Is the NHS surcharge just?
Not long ago the UK implemented an NHS surcharge – an extra fee that non-EEA nationals (Australia and New Zealand are also exempt) applying for leave to remain in the UK must pay. It costs £200 per year, and must be paid up front. So, for example, if you are applying for a work visa for 3 years, and you have a family of three, you must pay £1800 to cover the surcharge for you and your family (on top of other visa costs).
It is difficult to find much public discussion in the UK regarding this surcharge, outside of a few articles that recently noted that the surcharge is unlikely to do what we were told it would do – namely, benefit the NHS. (See here)
Is the surcharge a just policy? As some have pointed out, it might make sense for students, who pay nothing into the NHS. (Then again, it makes studying in the UK more expensive for such students – and this might discourage talented students from studying here.) But working people do pay into the NHS – migrants as much as UK nationals. What justifies adding a surcharge to people who already pay, or to people who will pay (given that they are applying for a work visa for a job already offered to them)?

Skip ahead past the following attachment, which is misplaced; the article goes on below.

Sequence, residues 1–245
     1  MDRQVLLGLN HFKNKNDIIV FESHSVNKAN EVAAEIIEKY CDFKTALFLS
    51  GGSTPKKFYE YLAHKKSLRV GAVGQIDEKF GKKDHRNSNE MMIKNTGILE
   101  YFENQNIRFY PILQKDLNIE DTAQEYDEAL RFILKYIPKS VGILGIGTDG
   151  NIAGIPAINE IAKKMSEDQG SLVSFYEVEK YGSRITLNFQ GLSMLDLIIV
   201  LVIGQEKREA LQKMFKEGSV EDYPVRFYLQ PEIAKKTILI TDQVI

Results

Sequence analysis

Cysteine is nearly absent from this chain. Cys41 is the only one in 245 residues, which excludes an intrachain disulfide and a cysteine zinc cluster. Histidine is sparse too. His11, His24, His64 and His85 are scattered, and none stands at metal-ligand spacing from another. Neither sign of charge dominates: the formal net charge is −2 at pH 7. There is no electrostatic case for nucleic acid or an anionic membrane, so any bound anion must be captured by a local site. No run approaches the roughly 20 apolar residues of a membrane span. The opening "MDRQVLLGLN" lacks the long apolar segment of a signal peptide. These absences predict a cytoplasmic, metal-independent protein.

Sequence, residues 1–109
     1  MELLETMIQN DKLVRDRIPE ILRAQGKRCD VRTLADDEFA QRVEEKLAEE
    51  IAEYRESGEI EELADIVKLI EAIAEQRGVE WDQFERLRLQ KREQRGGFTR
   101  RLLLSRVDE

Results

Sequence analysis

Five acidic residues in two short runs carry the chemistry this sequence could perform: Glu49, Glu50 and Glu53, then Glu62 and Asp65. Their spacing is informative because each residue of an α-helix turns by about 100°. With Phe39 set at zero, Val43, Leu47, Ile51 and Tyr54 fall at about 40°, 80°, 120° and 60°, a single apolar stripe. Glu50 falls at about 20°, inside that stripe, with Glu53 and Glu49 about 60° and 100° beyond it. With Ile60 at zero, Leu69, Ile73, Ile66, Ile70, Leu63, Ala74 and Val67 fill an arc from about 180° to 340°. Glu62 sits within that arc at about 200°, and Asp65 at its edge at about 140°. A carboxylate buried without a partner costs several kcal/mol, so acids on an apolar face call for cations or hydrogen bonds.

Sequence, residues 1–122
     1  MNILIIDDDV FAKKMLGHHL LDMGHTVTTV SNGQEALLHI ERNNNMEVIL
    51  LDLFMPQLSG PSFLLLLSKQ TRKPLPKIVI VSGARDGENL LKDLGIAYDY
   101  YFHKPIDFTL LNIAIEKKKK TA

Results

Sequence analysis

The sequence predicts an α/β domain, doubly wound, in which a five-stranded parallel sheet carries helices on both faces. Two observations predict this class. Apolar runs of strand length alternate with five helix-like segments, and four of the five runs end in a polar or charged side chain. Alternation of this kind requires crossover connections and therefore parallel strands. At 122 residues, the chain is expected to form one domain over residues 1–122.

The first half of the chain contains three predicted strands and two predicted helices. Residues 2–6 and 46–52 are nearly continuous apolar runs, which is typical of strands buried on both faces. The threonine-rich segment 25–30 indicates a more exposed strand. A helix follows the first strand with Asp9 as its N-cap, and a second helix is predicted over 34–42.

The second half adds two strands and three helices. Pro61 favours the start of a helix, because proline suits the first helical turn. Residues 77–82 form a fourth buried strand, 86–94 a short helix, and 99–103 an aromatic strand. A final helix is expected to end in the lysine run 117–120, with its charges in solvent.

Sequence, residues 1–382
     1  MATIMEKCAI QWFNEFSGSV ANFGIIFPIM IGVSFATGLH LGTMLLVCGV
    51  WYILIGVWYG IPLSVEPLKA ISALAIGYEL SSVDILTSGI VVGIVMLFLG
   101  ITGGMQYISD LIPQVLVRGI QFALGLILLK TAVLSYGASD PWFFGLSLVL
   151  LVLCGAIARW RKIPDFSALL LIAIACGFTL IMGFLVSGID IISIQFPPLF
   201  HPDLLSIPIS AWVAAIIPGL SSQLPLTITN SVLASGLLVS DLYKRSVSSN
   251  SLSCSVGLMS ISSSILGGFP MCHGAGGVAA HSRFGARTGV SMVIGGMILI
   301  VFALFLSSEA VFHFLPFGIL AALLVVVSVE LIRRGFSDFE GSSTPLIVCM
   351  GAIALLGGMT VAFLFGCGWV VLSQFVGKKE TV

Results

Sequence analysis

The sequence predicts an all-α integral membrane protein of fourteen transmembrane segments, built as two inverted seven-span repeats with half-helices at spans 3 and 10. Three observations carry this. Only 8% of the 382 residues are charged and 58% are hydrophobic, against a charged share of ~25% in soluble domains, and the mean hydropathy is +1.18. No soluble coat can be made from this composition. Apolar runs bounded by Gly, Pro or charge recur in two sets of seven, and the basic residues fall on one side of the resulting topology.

Here is how Immigration and Security Minister James Brokenshire justified it, in a press release:
“The health surcharge will play a vital role in ensuring Britain’s most cherished public service is provided on a basis that is fair to all who use it. For generations, the British public have paid their taxes to help make the NHS what it is today – the surcharge will mean temporary migrants will also pay their way.”
An appeal to fairness, based in some way on the fact that the British public have paid taxes for generations. This doesn’t really address those migrants who do and have been paying taxes, though. So, to repeat the question: what justifies adding a surcharge to people who already pay?